New Orleans

BEYOND BOURBON STREET: Four Other New Orleans Streets Where the Party Never Ends

Bourbon Street may be the most well-known street in New Orleans, but savvy visitors and Nola natives know that plenty of other streets offer more authentic experiences. Explore these lesser-known streets where culture, cocktails, culinary treasures and charismatic local characters collide.

While the attractions of Bourbon Street are legendary, from all-night clubs and a lack of open container laws to upscale restaurants and entertaining buskers, the party in New Orleans isn't confined to just one single block. In fact, locals and in-the-know visitors tend to eschew the tourist-oriented bars, clubs and restaurants of Bourbon Street and head out to a few of the more interesting neighborhoods of the city to party there instead. Here are four of the best New Orleans streets to experience local culture, grab a drink and party like a true denizen of the Crescent City.

Frenchmen Street

Past the downriver end of the French Quarter just across Esplanade Avenue lies a neighborhood called Faubourg Marigny, home to the popular live-music mecca Frenchmen Street. Whether you're looking for a soulful jazz performance or want to immerse yourself in the more artsy side of New Orleans culture, this is the place to go. Locals pack the Spotted Cat Music Club late into the night to hear local traditional jazz bands in a speakeasy-like atmosphere, or cross the street for a more laid-back musical experience at d.b.a., Three Muses or Snug Harbor. If your musical adventures make you hungry, indulge in some local Creole flavor at The Praline Connection or head to the back of Cafe Negril for an inexpensive meal of quesadillas and burritos cooked to order while you enjoy the reggae, funk or blues band playing up front. Between bar hopping and sampling the culinary delights of Frenchmen Street, don't neglect to check out the Frenchmen Art Market, an open-air art sale where you can find everything from classy paintings and framed photos to eclectic jewelry and hand-carved wooden bow ties.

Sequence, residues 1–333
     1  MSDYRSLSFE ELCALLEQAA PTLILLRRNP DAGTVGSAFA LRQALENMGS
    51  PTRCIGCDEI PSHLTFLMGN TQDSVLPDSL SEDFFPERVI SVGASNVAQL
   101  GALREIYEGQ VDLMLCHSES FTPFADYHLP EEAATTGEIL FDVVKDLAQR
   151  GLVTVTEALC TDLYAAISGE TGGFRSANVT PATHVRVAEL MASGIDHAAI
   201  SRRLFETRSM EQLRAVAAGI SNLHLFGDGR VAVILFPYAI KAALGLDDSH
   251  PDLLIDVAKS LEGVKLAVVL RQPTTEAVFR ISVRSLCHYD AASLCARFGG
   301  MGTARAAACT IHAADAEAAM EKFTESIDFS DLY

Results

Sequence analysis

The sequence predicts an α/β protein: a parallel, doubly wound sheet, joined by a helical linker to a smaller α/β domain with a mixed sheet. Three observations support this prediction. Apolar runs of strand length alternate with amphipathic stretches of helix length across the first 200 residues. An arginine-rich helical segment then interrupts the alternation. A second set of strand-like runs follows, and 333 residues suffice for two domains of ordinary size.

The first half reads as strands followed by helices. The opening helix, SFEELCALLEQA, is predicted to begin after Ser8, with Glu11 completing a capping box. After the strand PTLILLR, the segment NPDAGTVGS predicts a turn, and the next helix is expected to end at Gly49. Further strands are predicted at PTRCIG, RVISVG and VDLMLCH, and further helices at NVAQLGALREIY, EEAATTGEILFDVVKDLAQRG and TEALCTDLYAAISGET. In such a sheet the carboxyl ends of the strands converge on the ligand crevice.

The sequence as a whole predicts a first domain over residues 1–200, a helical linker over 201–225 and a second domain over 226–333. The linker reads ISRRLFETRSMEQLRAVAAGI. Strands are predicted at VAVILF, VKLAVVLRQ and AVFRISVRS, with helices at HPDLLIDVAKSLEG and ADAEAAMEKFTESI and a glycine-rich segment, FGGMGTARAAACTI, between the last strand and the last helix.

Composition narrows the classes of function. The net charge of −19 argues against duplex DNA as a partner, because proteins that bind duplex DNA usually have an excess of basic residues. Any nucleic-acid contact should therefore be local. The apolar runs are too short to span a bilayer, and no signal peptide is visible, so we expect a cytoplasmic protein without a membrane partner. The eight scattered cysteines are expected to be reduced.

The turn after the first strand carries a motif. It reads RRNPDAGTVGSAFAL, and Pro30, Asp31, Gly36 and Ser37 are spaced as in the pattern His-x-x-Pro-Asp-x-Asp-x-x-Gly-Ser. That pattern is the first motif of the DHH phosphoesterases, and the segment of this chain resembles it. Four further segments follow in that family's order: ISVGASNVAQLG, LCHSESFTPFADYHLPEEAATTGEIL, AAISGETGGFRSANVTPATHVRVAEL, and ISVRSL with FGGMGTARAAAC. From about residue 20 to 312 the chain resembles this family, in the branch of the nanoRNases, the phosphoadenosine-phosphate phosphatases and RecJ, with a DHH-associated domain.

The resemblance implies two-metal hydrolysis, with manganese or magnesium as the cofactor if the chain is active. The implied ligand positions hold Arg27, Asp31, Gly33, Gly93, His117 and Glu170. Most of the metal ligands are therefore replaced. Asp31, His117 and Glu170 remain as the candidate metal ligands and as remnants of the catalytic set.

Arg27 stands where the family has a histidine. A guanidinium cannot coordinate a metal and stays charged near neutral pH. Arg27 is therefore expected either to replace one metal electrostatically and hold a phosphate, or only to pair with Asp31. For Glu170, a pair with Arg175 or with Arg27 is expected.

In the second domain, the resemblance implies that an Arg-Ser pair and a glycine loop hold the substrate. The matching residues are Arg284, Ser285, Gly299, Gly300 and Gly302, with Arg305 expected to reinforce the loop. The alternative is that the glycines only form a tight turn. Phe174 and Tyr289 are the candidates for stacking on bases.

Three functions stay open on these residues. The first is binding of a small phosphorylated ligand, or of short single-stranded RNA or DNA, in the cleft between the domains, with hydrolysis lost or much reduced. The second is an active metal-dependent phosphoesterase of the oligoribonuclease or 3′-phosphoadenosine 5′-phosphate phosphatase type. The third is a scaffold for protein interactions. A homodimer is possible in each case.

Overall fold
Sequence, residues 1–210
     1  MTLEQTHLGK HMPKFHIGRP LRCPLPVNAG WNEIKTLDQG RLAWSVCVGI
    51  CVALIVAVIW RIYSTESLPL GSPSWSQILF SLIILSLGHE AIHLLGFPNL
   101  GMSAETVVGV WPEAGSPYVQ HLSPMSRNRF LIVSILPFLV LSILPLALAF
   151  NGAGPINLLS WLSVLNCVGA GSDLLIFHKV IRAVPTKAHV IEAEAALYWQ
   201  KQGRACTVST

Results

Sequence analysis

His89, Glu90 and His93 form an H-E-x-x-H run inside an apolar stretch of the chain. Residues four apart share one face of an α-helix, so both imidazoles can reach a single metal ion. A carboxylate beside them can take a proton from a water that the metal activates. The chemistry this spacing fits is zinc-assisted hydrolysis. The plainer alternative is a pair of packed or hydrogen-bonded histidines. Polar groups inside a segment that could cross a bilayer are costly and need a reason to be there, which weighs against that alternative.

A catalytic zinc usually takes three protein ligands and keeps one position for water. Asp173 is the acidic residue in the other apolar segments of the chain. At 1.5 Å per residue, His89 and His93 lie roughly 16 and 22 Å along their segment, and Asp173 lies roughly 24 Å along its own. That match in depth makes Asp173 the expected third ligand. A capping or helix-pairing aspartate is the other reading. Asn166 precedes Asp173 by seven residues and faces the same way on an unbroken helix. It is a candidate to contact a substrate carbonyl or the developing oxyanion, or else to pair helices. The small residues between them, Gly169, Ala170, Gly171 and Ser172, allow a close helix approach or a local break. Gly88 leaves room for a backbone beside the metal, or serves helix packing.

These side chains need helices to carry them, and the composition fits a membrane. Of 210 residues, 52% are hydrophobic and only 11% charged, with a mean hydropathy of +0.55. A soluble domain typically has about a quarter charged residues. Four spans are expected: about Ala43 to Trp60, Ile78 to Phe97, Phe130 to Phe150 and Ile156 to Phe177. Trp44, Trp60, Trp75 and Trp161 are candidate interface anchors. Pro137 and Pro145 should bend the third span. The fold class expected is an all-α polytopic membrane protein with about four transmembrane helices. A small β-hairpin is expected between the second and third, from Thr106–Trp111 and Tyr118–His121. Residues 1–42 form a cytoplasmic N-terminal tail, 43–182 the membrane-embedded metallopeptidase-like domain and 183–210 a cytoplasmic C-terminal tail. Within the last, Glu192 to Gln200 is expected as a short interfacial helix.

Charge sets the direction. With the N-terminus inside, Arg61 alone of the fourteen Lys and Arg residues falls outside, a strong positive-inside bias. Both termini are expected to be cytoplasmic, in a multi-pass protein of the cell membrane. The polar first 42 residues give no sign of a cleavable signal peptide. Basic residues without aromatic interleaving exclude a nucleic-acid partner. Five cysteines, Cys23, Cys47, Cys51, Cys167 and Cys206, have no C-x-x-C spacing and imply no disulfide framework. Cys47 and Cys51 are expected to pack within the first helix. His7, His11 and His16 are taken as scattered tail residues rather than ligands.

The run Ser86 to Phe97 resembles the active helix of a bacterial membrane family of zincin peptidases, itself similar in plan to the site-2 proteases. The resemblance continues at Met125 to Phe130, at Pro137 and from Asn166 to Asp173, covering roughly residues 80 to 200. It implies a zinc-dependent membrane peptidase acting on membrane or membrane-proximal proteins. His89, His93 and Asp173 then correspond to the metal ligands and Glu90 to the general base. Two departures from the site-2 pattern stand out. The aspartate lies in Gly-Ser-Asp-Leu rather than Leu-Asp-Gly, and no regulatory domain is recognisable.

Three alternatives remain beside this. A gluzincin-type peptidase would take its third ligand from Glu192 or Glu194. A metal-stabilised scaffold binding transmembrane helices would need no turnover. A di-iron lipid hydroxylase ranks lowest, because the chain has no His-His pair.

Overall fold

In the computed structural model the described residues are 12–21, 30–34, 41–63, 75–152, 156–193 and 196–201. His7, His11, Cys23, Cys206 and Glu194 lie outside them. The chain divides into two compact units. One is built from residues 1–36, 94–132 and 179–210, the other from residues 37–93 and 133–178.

St.Claude Avenue

After spending the day on a Hurricane Katrina Tour to learn about the devastation that occurred throughout the city in 2005, head down to St. Claude Avenue to get a close-up look at how the nightlife scene has recovered as residents rebuilt, new citizens moved in and tourists rediscovered the downriver section of the city. During the recovery, the locals-only vibe moved rapidly outward from the French Quarter and Marigny into the area called the Bywater. St. Claude Avenue, which stretches along the edge of both the Marigny and Bywater neighborhoods, is the central party point of this "new-New-Orleans" bohemia where dive bars, live music venues, creative concept restaurants and experimental art galleries converge. The AllWays Lounge and Theater is the place to catch live plays, erotic poetry open mike nights and themed burlesque shows, while the club Siberia hosts regular metal acts and has a Polish cuisine pop-up restaurant hidden away in the back. The St. Roch market on St. Claude Avenue has stalls selling everything from crepes to crab cakes, or you can pick up a gyro sandwich and a local craft beer at Kebab, which also sports a room full of restored pinball machines and overly friendly cashiers who will insist you douse your meal in the house-made spicy coconut kebab sauce before taking a bite.